This is the Monthly E-Newsletter of Contra Costa Certified Farmers' Markets for Friday, August 1, 2008
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The Lettuce Leaf

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From Chef Lesley Stiles:

Peach Salsa

2 peaches, chopped
1/2 jalapeno, chopped fine
1/2 red onion, chopped
1/2 bunch cilantro, chopped
1 lemon or lime, skin grated off and juiced
1 tablespoon olive oil
2 teaspoons rice vinegar
Salt and pepper to taste
Mix all together in a bowl and serve over fish, chicken or with chips.
Makes 2 cups.

Balsamic Drizzle

3 cups balsamic vinegar
3 cups red wine
2 sliced shallots
1 branch rosemary
1/2 cup honey

Pour wine and balsamic vinegar into a non reactive saucepan. Add the shallot and rosemary. Bring to a boil , lower heat to a simmer and reduce to about 2 cups. This will be thick and bubbly. Add honey and simmer for 3 minutes.

Use for a dressing on salad with olive oil or as a sauce to grilled chicken, roasted duck or vegetables.
Makes 2 cups.

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More recipes

In this Issue:
Next issue of The Lettuce Leaf Newsletter will be on September 5.

Saturdays 9am-1pm
Orinda Way in Orinda Village in front of Rite Aid and the Community Park.
Music 8/2: Paulette Rene
Music 8/9: Acoustic S & M
Music 8/16: Bryan Harrison
Music 8/23: Lacy Baker
Music 8/30: The Wolking Boys
For more info

Pleasant Hill:
Saturdays 10am-2pm
Pleasant Hill City Hall.
Music 8/2: Flutopia
Music 8/9: Susan Holland
Music 8/16: Liedstrand Family Band
Music 8/23: Paulette Rene
Music 8/30: Acoustic S & M
For more info

Sundays 10am-2pm
Main Street Plaza Downtown.
Music 8/3: Dave Land
Music 8/10: Flutopia
Music 8/17: The Wolking Boys
Music 8/24: Eddie Williams
Music 8/31: Season of Us
For more info

Walnut Creek:
Sundays 8am-1pm
North Locust St. between Giammona Dr. and Lacassie Ave.
Music 8/3
: Lacy Baker
Music 8/10: Bryan Harrison Band
Music 8/17: Fred McCarty
Music 8/24: Growiser
Music 8/31: Second Calling
Manager: Keith Farley.

From Keith Farley, Manager:
The markets are full to the brim and I hope you are frequenting your local farmers' market wherever that may be. Orinda and Pleasant Hill on Saturdays are having a great season and Martinez and Walnut Creek on Sundays are exploding with fresh, almost too sweet fruits. Don't get left out of the goodness of the summer.

foodEating Fresh and Local has become a way of life for some of us and is just a buzz word to others. If you are one of the others, consider this, supermarket produce is old. It is at least one week old unless it came to us via a local farm. A truck burning diesel fuel traveled many miles, sometimes thousands, to bring it to you and for all that trouble it tastes like, well you know... and it has had a negative impact on our environment, not very green. In our global village we live in it is hard, sometimes impossible to source all of our goods locally but we can source our foods reasonably close in California. There are few foods that cannot be grown here and if you look for and eat what is in season you will help the State's economy and our planet. Perhaps that is a tree hugging point of view and that's ok in my book - we (all of us) have spent too much time being spoiled by our own riches so we have forgotten our main mission: To be good stewards of this planet for those who come after us. Don't let the next generation say "they did more harm than good."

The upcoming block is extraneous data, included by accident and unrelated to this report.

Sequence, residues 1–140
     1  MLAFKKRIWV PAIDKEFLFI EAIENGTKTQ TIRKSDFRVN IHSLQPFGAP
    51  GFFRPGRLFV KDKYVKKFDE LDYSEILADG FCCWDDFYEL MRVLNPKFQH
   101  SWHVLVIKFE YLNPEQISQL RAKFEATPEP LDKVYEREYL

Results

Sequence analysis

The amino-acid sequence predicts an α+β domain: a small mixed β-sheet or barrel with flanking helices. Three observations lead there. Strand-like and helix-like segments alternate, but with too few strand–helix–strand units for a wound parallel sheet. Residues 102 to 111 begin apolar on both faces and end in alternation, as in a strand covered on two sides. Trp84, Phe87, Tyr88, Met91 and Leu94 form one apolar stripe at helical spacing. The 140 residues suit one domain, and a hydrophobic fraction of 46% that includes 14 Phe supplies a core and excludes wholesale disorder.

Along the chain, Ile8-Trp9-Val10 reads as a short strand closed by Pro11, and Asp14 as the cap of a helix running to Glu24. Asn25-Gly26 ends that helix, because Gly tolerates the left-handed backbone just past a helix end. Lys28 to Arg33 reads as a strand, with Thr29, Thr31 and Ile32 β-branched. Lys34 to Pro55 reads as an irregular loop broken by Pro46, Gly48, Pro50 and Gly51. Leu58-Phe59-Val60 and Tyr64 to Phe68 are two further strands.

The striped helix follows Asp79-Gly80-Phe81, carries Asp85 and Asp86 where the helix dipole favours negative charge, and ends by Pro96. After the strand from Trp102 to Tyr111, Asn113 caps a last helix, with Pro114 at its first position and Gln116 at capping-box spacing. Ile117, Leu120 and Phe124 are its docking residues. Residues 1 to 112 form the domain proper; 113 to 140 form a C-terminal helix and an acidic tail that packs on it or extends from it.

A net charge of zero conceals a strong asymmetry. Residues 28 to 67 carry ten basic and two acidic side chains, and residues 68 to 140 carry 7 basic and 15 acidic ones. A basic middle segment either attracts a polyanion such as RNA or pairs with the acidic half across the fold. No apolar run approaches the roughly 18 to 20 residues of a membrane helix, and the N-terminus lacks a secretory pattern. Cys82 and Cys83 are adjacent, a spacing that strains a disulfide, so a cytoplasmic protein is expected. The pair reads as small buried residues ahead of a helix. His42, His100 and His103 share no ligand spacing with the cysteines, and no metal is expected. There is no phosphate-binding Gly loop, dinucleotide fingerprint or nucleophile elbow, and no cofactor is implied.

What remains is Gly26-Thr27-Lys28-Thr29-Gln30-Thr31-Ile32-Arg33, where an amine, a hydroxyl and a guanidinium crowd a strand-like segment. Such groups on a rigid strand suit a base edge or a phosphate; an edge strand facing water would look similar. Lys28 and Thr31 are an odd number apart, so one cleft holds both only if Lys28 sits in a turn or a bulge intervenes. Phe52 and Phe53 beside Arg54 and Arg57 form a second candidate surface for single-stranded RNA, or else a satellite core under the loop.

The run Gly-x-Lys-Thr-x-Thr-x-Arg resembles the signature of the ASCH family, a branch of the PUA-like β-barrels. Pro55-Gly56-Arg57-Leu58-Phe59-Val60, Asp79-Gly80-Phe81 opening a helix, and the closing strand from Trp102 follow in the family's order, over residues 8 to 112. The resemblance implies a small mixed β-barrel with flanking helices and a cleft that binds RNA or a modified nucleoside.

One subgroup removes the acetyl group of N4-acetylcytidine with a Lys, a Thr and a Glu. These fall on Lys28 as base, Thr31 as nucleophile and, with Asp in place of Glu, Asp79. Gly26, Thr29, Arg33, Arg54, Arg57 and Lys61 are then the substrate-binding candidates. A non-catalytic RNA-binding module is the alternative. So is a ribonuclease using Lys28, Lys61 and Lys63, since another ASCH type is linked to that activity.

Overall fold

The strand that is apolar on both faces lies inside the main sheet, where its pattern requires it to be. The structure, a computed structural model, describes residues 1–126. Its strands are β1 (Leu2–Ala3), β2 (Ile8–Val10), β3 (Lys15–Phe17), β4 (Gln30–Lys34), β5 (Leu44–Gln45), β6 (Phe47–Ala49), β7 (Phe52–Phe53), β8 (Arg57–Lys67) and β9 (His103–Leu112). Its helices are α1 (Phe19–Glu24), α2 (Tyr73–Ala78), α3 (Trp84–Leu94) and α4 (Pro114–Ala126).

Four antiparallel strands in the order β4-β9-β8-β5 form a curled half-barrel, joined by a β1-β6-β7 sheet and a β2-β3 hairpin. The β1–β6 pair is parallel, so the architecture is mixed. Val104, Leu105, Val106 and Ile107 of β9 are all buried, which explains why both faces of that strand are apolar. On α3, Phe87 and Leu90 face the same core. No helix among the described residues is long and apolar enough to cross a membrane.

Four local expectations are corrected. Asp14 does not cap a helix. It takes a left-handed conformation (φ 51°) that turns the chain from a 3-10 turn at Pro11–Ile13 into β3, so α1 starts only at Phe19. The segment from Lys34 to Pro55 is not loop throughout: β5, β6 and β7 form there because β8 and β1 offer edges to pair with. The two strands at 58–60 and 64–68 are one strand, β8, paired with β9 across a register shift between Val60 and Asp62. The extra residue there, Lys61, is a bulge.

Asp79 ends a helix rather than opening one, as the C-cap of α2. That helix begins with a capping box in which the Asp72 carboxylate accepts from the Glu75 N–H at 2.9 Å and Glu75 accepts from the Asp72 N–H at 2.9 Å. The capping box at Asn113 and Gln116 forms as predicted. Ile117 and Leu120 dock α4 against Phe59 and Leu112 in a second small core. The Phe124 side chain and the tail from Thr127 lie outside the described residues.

If you don't shop at our farmers' market then shop at one of the many in the area. It's one step in the global right direction.

For more info.

Market hotline 925 431-8361.
FROM OUR MARKETS by Chef Lesley Stiles

cornDeep into summer season at the farmers' markets and the produce is peaking along with the possibilities of preparations for some exquisite dishes. Sweet corn is perfect steamed on the cob but try grilling corn out of the husk, lubed up a drop, to a nice little char. Cut the corn off the cob and toss kernels with some cooked quinoa, chopped basil, diced cukes and tomatoes adding a drop of lemon oil and rice vinegar. Stone fruits are busting out with natural sugars and tropical flavors. Try replacing peaches for mango in that favorite salsa for chips or grilled fish. Make free form tarts using a sheet of puff pastry mounded in the center with fresh fruit of any kind. Roll the pastry up around the edges of the fruit leaving it open in the center. Brush the dough with water and sprinkle with some coarse, organic sugar and bake at 400° for about 20 minutes until nice and brown. Heirlooms are turning up on tables everywhere joining early tomatoes. They take longer to mature and the crops are a bit lighter than the hybrids and that along with the seed saving process involved in growing heirlooms make them special and worth the fuss. Slice up with fresh mozzarella creating the ages old Caprese that unbelievably can be found year round on menus but now is the only time that this salad is awesome. Sprinkle the tomatoes and cheese with sliced basil, lemon oil, balsamic drizzle and cracked sea salt.

Pesto is screaming to be prepared in copious amounts and rubbed, I mean eaten on anything that your mind will allow combining it with. Use parsley and lots of lemon along with your basil to keep it a shattering shade of green and try local fresh crop walnuts or almonds instead of overpriced imported pine nuts that unless you have a source with integrity are usually rancid anyway.

Keep your summer produce local and fresh and you will escape gouging prices, bizarre dung related diseases and bland tasting sludgy fruits and veggies.

Get out there!

Lesley Stiles can be reached at
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